Chatham-Kent remains in Red Zone

·2 min read

Don’t be surprised if Chatham-Kent remains in the “Red-Restrict” colour zone of the provinces COVID-19 framework for another week.

According to Dr. David Colby, the current number of cases within the region warrant Chatham-Kent to remain red.

“Our numbers are up but have plateaued,” said Colby.

According to the province, there are some slight changes to the rules in the red zone:

Organized public events, social gatherings and wedding, funeral and religious services, rites and ceremonies - limits for all organized public events and social gatherings will be restricted to five people indoors and 25 people outdoors. Limits for religious services rites or ceremonies, including wedding services and funeral services, where physical distancing can be maintained (applies in any venue other than a private dwelling) will be limited to 30 percent capacity of the room indoors and 100 people outdoors.

Restaurants, bars and other food and drink establishments will also have capacity limits. For dining indoors, restaurants will be limited to approximately 50 percent of the indoor dining area or 50 people. Additionally, establishments must be closed from 10 p.m. to 5 a.m. and liquor can only be sold or served between 9 a.m. to 9 p.m. No consumption of liquor will be permitted between 10 p.m. to 9 a.m. Dancing, singing, and the live performance of music are prohibited.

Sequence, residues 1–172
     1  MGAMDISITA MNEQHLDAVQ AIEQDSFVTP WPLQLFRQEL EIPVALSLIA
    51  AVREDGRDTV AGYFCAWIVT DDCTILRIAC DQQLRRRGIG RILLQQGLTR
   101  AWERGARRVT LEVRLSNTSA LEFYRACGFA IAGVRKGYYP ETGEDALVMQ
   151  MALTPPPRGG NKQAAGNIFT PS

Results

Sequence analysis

As for retail, there are capacity limits of 75 percent for supermarkets and other stores that primarily sell groceries, convenience stores and pharmacies. Additionally, there are capacity limits of 50 percent for all other retail, including discount and big-box retailers, liquor stores, hardware stores and garden centres.

As of Friday, March 26, Chatham-Kent had reported 97 active cases.

Outbreaks have been declared at one school, one place of worship and at a long-term care home.

As it stands, approximately 19,000 people have been vaccinated in Chatham-Kent. The group now includes people who are 70 years of age and older. Colby said 85 percent of this group had been vaccinated, which is above the 75 percent provincial projected average.

Colby said people from neighbouring jurisdictions would not be turned away from vaccine clinics, adding it is not about circling the wagons as the vaccines are coming from the province.

“People on the border are sometimes responsible for outbreaks here, “said Colby.

Bird Bouchard, Local Journalism Initiative Reporter, The Ridgetown Independent News